• Owl Movement CDR (sold out on 23 Productions)
  • split w/ Seen Through CDR (on Haamumaa)

I’m pretty sure all this came out this year. And then there’re at least a dozen more releases in the works. They might even squeeze out a couple of new CDRs before the end of the year. I certainly wouldn’t bet against it: there’s a whole two months to go just yet.

So who the fuck are these pricks? And how the hell have they managed to release so much material? And why do it in such ridiculously small quantities? Here’s the official bio from their website:

“Davenport was started in Madison, in the Summer of 2002. It was originally a vehicle for folk song experiments by Clay Ruby. By Fall [otherwise known as Autumn] of 2003 many others had been invited to participate in improvisations, rituals, and recordings with Davenport. Since then there has been a surge in activity and output.”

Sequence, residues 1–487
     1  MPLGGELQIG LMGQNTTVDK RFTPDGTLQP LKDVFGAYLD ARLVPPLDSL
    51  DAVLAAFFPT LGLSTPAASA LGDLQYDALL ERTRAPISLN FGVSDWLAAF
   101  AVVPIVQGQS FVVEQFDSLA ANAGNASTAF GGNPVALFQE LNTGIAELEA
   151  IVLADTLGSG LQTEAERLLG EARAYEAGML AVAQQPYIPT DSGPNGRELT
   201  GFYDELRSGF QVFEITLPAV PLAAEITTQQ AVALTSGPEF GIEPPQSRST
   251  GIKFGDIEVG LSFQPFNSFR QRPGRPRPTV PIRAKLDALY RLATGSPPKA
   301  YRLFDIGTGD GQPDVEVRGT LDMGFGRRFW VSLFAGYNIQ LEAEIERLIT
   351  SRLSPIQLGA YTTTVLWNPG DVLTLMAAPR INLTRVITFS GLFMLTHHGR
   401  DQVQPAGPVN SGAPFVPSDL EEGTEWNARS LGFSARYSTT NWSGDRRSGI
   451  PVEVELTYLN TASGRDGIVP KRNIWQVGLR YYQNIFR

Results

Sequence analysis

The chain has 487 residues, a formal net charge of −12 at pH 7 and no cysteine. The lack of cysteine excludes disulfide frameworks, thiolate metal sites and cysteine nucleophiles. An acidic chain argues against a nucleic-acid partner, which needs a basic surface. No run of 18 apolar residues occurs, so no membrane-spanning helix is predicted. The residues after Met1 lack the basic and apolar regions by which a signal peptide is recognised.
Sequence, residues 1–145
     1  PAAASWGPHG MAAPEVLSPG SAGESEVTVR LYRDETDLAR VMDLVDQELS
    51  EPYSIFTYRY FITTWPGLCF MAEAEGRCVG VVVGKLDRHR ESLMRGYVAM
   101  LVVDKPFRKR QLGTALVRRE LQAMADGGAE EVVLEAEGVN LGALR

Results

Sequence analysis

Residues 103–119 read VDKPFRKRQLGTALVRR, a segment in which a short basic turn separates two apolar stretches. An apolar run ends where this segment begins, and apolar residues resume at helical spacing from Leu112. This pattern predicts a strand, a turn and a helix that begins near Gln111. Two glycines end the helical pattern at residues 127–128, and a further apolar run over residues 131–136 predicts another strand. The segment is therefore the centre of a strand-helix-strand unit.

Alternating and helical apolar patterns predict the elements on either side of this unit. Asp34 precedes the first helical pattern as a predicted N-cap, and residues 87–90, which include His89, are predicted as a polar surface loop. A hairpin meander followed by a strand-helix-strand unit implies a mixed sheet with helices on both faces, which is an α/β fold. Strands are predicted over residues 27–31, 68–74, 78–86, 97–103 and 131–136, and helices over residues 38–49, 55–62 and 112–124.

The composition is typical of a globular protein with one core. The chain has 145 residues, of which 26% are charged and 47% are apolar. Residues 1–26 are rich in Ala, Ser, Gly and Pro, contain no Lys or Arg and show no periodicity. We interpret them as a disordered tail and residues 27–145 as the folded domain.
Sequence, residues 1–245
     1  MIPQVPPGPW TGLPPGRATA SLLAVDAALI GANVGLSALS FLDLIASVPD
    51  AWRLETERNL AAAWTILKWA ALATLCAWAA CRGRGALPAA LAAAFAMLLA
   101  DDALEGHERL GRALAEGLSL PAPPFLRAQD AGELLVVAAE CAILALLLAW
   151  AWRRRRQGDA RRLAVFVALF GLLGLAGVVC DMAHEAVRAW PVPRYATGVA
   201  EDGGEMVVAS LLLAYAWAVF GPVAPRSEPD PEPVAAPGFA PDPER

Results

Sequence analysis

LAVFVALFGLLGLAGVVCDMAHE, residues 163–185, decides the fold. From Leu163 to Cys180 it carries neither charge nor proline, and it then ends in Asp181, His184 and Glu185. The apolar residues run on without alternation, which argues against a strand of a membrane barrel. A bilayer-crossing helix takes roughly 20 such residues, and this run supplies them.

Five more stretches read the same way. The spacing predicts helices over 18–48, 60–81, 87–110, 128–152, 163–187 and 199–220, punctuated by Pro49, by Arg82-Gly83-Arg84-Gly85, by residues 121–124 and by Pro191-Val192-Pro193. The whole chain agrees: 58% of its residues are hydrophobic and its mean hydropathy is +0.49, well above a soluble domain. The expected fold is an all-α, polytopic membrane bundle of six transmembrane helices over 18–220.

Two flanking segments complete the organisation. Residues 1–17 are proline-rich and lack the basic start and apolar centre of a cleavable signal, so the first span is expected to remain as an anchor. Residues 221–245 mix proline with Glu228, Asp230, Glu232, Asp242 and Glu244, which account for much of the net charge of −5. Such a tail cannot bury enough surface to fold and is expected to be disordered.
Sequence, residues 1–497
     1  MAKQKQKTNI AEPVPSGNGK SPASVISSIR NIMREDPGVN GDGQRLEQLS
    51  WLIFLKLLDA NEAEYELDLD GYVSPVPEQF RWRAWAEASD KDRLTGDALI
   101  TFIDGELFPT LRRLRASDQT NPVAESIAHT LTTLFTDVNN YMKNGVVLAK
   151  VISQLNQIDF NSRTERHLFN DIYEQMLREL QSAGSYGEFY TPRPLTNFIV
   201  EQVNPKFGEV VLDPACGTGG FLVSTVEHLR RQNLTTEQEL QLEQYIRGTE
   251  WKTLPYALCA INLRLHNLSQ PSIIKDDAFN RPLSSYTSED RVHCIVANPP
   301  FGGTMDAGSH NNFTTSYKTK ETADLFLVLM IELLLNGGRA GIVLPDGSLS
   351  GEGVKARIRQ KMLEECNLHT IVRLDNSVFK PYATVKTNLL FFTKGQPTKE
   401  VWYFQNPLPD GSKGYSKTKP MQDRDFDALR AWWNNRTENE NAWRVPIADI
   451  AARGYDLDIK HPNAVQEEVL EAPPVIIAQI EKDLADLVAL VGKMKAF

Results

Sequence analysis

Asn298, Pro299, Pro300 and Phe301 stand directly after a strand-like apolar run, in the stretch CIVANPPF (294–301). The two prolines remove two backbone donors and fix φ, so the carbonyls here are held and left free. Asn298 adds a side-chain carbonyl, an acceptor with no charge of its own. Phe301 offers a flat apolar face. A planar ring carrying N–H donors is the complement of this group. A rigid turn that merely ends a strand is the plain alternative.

What this means is that Davenport is a loose collective with a rotating cast that revolves around Clay Ruby. Some releases have only a couple of contributors; others feature a massed army of new-psych pseudo-folk avant-dreamers, wielding anything they can get their hands on: guitars, organs, drums, kongas, vocals, all kinds of percussion, and an awful lot of stuff you can’t readily identify, which they probably picked up from the street on their way to practice. Inevitably, there’s a whole lotta on-the-spot experimenting and improvising going on. Davenport apparently record live pretty much every single one of their get-togethers and performances, and then pick the cream of the crop for release. What is so breathtaking is the range and sheer quality of the crop. Don’t get me wrong, Davenport aren’t some awful ‘genre-straddling’ bunch of electrotwats or Jamie Cullum or whatever his name is; it’s the depth of mood, feel and texture that they generate which allows for some fantastic diversity between recordings. Here’s a reverse-chronology guide (call it a whimsy) to a few selected highlights of the Davenport 2004 oeuvre (and roll on the new stuff, which I’m told is even better)…